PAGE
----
Yesterday, I was out running errands while Morgan was at field hockey practice. I just got a new car, and I wanted to organize the storage space in the front seat, so I ran to my favorite home organization store – the Dollar Tree. If you’ve never done home organization shopping at the Dollar Tree, then you are missing out. Every room of my house has the perfect containers, all purchased for a dollar each! Anyway, I was standing in the back of the store, weighing my options and trying to decide what would work best, when an older man stopped nearby to look at something.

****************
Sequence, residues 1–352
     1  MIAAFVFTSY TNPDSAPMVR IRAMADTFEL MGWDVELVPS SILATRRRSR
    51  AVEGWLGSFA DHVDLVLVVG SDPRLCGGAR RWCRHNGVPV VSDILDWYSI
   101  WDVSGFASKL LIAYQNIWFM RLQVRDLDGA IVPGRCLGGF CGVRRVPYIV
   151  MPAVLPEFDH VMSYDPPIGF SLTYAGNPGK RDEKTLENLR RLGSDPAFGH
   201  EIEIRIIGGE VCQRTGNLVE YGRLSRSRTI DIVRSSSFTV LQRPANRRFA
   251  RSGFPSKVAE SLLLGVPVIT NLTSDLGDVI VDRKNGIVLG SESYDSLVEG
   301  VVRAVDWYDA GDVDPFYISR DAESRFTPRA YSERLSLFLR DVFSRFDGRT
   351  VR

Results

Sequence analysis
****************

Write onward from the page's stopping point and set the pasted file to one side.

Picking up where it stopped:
“Hmm, sugar free chocolate. I wonder if it’s any good,” he said to himself.
Glancing over, I saw the display of Baker’s Chocolate that had caught his attention. I winced.
“Only for baking,” I told him. “You definitely do not want to eat it. It’s very bitter.”
He looked at the box for a moment, and then I saw understanding dawn.
“I guess the name should have given that away. I’m diabetic, and the words ‘no sugar’ jumped out at me. I sure miss eating chocolate.”
Before I knew it, this man launched into a story about his younger sister who had eaten a whole box of ExLax as a child. It was much more information than I needed to know about this stranger and his family, but I smiled and listened. When he finished his story, I nodded, picked up the plastic containers I’d been eyeing, and began to turn away. But I didn’t get far.